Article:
Having an Only Child

jump2On the advice of my friend L, I finally got myself a copy of Maybe One: A Personal and Environmental Argument for Single-Child Families by Bill McKibben. It’s pretty good.

Bill McKibben is an environmentalist who began the book, really, when he and his wife first started thinking about how many children they would have. He is the father of one daughter and he feels strongly that it’s important that some of us have smaller families for environmental reasons. He doesn’t argue that we *all* should have one child or that people shouldn’t have large families. Children, he says, “are magnificent” and people should have the families they want to have. But, he argues, if more of us knew that it was ok — even wonderful — to have smaller families than maybe more of us would make that choice.

The book talks about the environmental impact of larger families as well as the economic repercussions of a lower birthrate but the first part of the book, which argues that smaller families are wonderful, was the part that for obvious reasons that I found most compelling.

According to McKibben, the negative stereotypes we have about only children (selfish, lonely, socially inept) are untrue. The “science” cited by the many articles warning us about the danger of having “only” one child is based on one poorly done “study” from the late 1800s. (Reading about the study is hilarious; it’s worth it to glance a the book just for that!) Since that one study there has been a lot of research that proves that only children look a lot like children from larger families. They are no more selfish, egocentric, or neurotic than any other kids.

In fact, researchers found that “only children scored significantly better than other groups in achievement motivation and personal adjustment.” They also argue that “because only children receive more attention from their parents, they are likely to exhibit more ‘character’ than other children, character here consisting of such traits as maturity and cooperativeness,” and “they are more likely to develop a sense of personal control than other children.” There’s more. According to the studies cited here, only children are more popular (being most often chosen first for games), appear to have more “flexible sex-role orientation, which is to say that researchers find boys playing with dolls and girls with trucks” (although I’m unfortunately not really seeing this in my family), and apparently only children are smarter. Says one study: “there are marked negative effects on IQ of increasing sib size … only children remained significantly superior in average vocabulary performance to children in all other family sizes.”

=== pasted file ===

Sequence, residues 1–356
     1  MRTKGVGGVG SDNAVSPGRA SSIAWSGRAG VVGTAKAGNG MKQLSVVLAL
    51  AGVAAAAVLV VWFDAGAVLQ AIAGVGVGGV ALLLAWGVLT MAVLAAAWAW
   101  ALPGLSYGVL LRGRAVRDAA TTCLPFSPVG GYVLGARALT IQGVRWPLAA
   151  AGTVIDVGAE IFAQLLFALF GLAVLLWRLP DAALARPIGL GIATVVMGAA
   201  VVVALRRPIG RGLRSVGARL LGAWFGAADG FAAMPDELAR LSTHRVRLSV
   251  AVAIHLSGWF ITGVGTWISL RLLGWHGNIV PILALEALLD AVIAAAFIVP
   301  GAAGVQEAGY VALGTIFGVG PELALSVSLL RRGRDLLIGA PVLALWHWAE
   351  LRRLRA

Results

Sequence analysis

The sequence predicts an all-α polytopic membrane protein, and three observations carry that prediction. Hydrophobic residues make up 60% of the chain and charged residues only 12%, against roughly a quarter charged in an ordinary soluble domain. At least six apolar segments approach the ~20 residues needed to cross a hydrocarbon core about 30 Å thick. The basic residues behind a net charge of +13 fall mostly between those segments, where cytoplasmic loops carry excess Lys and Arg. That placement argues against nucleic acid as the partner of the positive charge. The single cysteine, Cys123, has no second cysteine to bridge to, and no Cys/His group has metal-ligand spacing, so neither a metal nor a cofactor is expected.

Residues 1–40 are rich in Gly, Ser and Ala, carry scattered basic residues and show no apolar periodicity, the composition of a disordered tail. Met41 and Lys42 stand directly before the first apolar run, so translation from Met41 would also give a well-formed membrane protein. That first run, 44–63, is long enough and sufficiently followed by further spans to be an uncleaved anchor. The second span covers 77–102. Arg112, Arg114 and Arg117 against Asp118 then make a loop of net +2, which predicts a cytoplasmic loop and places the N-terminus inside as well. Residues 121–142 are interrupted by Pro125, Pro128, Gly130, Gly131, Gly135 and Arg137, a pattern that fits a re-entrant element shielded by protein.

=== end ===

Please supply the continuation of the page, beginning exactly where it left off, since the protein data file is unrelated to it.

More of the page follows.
There’s a whole bunch of stuff about how the relationship between parents and the first-born change when the sibling arrives, which is a little heart-rending to read.

You may also want to glance at Only Child, the publication for parents of one child.

Comments 4

  1. I’m an only child, and IF I ever have children, I only want one. I don’t ever want to have to feel guilty about not paying as much attention to my children as I’d like to and I don’t ever want to have to tell them that we can’t afford something because we don’t have enough money.

    Economically and, I think, emotionally, only children are better off because of the sole amount of attention their parents are able to focus on them.

    I’m glad the stigma of only children is finally being replaced with the truth of what we are: healthy, happy, independent people who are no different than those who have brothers and sisters.

  2. I read this book and thought that more people should read it. A big realization that I have made is that the number of children a woman has does not reflect how good a mother she is. I think those of us who care about parenting and mothering get stuck on this image of the Earth Momma who had lots of kids (all homebirths of course) and has unlimited emotional resources for them. I always thought I would have more than two. I had a rocky road to getting my second and there’s this voice that’s getting louder saying “quit while you are ahead”.

  3. I am the proud mother of one. My husband and I didn’t start out planning to have only one child. We figured on two, maybe three. After our daughter was born, we realized that having another child might not be the easy or automatic decision we had assumed. We agreed to wait until our timing, logistics and finances were in order, which seemed like the responsible thing to do. Surprisingly, instead of understanding, we were faced with a lot of pressure from family and friends to have another baby. It was as though it was unacceptable for us to consider otherwise. This pressure persisted for years, until we finally reached the decision that our family is the perfect size with just one child. This was the best choice for us individually and as a family. Once I finally accepted that I don’t need to have more children to prove that I love being a mom, I could let go of all that guilt I’d been lugging around. I have one happy, kind, healthy, and intelligent daughter and absolutely no regrets.

  4. i liked the book, too. i tried to click on the link to “only child” but it didn’t work. i’ll try to find it on my own. thanks…that sounds interesting.

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